While signs and symptoms will vary from person to person, some of the more common signs of senior citizen substance use include but are not limited to:

  • drinking in solitude or isolation
  • constant preoccupation with medications.
  • empty pill or liquor bottles strewn about.
  • the smell of alcohol on the breath.
  • slurred and incoherent speech.
  • abnormal high-risk behavior.  
  • withdrawal symptoms.
  • anxiety and irritability.
  • depression and melancholy.
  • confusion and disorientation.

These symptoms are often confused for what many consider “normal” parts of the aging process; however, there is nothing normal about substance use disorder (SUD) in any age group. If your elderly loved one is exhibiting these or any other signs related to drug or alcohol use, it’s imperative that they get the help they need immediately to avoid the onset of any further effects and long-term health issues.

Treating Substance Abuse in Senior Citizens

The protocols for treating seniors for substance use disorder can be much different than those for other types of patients. On its own, the aging process creates physical and psychological complications for which treatment professional must account during the care process. Once a problem is definitively identified, respectful, compassionate, and proactive intervention is needed to get help. It’s entirely possible that your elderly loved one may not even know they’re addicted.

The treatment process should consist of specialized, compassionate, and medically supervised detox where patients can get help for their withdrawal symptoms as well as any associated medical conditions that may have triggered or been exacerbated by their substance use. Once patients are medically stabilized, they should undergo behavioral therapy, preferably from a mental health professional trained in dealing with aging issues and addiction. The realization of a substance use issue can be quite jarring for someone who has already lived so much of their lives, and the therapy process can help explore the root causes of the issue.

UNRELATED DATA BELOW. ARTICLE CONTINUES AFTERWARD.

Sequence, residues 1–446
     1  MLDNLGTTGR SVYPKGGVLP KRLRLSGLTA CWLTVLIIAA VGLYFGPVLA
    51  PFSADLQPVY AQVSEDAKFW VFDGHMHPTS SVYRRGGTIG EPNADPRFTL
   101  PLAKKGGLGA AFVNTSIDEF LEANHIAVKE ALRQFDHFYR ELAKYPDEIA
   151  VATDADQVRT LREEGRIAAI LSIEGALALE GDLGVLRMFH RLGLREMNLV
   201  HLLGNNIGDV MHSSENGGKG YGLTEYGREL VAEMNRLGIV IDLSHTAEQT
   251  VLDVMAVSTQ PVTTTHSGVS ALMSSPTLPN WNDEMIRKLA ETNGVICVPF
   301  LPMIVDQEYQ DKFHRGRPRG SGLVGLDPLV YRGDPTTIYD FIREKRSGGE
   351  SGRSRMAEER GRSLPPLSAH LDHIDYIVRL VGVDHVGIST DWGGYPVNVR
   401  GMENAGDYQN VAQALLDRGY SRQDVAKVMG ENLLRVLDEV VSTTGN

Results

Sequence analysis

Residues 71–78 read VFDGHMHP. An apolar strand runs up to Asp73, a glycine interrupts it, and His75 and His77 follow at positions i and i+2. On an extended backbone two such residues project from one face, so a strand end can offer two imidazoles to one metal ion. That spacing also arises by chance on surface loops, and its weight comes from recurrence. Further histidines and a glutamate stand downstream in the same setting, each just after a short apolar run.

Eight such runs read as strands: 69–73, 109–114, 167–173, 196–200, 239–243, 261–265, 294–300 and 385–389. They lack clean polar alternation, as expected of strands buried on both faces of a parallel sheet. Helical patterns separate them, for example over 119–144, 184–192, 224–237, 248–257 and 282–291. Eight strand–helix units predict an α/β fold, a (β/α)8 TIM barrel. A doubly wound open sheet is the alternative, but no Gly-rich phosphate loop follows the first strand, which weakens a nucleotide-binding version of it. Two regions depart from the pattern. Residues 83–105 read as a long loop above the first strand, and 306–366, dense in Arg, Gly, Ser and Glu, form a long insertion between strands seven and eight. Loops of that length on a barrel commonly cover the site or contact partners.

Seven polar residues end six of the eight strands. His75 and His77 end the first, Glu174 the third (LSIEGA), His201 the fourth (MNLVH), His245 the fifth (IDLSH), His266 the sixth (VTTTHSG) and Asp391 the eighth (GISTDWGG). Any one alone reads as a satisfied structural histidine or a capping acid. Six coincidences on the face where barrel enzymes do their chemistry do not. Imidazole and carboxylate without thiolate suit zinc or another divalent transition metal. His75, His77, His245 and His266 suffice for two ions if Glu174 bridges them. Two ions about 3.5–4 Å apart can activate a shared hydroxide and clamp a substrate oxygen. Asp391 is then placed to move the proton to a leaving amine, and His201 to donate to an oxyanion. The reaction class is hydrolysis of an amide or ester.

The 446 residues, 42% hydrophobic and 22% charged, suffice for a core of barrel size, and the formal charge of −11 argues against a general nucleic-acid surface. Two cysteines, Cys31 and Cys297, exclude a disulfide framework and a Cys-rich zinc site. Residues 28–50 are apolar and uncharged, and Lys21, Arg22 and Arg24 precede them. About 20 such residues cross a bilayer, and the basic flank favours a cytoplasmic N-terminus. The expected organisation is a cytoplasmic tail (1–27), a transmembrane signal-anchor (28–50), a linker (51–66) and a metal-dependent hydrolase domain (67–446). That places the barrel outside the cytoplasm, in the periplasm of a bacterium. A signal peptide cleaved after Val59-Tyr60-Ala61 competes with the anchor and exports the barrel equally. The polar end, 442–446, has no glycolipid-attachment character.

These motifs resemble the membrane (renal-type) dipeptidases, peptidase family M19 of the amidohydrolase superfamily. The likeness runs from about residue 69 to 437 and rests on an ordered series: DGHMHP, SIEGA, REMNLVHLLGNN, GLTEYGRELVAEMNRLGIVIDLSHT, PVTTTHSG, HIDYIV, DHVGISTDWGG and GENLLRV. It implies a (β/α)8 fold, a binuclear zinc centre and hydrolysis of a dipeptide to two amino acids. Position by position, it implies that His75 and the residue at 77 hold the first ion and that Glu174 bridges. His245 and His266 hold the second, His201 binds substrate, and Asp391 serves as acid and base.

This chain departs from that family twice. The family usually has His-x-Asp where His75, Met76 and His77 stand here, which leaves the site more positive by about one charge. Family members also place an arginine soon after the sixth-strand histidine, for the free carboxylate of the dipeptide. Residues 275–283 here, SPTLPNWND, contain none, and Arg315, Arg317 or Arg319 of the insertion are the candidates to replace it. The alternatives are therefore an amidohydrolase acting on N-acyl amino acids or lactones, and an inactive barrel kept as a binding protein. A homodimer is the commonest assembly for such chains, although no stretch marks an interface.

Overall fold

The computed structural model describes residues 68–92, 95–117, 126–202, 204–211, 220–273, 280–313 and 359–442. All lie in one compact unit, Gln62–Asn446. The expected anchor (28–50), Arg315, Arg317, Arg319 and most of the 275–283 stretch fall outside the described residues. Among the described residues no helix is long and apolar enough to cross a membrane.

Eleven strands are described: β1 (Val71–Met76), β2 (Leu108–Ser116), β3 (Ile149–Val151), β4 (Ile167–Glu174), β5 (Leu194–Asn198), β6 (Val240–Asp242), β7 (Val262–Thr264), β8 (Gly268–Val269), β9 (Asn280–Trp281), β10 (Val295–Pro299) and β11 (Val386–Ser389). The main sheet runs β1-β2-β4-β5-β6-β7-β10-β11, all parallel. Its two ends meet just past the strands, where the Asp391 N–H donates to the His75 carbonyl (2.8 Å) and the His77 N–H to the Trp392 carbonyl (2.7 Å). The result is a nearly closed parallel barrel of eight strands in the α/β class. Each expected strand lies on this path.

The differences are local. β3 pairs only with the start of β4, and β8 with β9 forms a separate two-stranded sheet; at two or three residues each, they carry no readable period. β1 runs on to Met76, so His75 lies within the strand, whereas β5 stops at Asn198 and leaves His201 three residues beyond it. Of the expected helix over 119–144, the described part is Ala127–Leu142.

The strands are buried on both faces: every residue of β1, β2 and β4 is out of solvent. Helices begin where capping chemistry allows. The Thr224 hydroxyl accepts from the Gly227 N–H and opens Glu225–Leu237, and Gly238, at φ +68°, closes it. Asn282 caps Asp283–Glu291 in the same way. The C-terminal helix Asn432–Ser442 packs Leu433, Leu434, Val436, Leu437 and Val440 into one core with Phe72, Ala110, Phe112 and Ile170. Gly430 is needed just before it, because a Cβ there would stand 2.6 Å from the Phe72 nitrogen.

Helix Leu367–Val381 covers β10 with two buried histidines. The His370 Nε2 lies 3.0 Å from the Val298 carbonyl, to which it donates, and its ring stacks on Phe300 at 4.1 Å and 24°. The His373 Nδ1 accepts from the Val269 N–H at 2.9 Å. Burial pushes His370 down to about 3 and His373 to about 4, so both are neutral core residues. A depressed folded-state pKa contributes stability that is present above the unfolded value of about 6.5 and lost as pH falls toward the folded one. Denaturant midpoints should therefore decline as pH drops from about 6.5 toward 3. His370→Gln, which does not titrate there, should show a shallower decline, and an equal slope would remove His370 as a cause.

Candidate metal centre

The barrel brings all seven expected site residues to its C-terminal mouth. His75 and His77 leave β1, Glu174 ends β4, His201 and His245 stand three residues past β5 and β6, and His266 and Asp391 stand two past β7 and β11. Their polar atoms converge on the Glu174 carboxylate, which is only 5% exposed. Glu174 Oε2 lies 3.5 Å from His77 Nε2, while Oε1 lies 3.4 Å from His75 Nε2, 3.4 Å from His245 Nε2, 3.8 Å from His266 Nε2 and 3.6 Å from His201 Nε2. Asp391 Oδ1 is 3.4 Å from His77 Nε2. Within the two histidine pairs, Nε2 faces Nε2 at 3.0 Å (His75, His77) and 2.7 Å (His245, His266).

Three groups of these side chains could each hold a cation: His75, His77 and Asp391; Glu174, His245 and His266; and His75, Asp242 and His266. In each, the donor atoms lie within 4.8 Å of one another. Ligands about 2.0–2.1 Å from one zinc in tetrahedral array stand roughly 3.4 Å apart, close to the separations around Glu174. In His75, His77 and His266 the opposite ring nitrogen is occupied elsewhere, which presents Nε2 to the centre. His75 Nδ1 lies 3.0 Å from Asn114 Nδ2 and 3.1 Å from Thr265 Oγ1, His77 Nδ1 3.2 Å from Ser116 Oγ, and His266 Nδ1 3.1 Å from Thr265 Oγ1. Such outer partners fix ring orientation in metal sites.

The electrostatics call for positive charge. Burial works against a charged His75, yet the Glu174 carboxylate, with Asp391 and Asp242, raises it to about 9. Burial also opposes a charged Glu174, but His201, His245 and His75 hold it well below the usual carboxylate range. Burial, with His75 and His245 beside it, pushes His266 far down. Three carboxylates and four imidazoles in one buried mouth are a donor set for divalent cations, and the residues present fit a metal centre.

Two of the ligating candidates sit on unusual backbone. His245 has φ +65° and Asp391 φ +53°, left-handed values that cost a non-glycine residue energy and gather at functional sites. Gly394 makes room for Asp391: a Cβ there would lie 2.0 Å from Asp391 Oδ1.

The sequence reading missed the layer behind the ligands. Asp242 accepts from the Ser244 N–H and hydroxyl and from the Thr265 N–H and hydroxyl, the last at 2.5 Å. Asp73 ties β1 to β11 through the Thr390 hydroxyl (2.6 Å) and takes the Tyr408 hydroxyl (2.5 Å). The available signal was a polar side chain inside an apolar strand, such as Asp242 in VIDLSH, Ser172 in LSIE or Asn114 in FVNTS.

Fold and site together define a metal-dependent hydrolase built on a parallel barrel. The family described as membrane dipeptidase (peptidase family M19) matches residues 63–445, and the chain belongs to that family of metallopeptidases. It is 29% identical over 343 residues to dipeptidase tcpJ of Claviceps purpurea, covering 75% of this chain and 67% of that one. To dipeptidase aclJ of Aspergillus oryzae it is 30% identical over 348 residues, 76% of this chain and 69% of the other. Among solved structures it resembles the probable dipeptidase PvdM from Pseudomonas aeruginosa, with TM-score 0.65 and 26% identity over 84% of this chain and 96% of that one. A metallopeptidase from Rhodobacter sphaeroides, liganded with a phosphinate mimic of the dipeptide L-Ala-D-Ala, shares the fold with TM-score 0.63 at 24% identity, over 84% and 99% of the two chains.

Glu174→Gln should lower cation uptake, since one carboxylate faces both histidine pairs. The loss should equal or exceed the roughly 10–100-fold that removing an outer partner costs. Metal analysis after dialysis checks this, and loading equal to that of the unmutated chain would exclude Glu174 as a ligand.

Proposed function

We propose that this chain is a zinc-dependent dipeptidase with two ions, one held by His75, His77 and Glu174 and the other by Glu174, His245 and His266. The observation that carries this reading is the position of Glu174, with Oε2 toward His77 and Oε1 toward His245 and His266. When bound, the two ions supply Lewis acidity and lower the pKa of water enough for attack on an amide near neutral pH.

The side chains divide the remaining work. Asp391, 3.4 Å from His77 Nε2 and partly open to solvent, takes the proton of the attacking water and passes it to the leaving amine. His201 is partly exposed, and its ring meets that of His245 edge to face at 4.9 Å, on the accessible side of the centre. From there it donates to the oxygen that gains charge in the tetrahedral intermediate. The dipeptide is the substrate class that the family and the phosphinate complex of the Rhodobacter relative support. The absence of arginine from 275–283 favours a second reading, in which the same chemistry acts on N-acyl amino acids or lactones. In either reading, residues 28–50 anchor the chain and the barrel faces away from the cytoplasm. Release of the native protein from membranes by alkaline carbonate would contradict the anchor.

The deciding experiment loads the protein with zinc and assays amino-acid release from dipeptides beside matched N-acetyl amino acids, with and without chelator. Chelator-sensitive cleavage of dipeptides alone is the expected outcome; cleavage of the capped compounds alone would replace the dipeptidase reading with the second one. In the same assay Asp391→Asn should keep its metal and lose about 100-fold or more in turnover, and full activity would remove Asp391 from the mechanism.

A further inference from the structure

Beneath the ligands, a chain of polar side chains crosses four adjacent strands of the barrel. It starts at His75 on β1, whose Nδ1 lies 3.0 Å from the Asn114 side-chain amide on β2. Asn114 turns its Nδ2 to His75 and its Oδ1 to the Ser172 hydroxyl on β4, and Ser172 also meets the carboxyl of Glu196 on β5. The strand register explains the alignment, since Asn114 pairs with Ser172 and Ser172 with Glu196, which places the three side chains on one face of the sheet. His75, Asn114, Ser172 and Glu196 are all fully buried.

Certain medications like over-the-counter pain relievers and opioid maintenance drugs (if applicable) can help relieve ongoing cravings and withdrawal symptoms.

Don’t Let Addiction Consume Your Life

You’ve worked too hard and accomplished too much to have addiction derail your life. Millions of senior citizens are battling substance use disorder and there is no shame in admitting that you need help. By recognizing your symptoms and taking proactive measures to seek help, you’re empowering yourself to reclaim your life from addiction. If your elderly loved one is battling SUD, you have more power than you may realize to take steps to guide them toward treatment and a better life.

Resources

https://www.ncadd.org/about-addiction/seniors/alcohol-drug-dependence-and-seniors

https://health.usnews.com/health-news/patient-advice/articles/2015/12/02/silent-epidemic-seniors-and-addiction

https://www.census.gov/newsroom/press-releases/2017/cb17-100.html

http://www.aging.com/alcohol-abuse-amongst-the-elderly-a-complete-guide/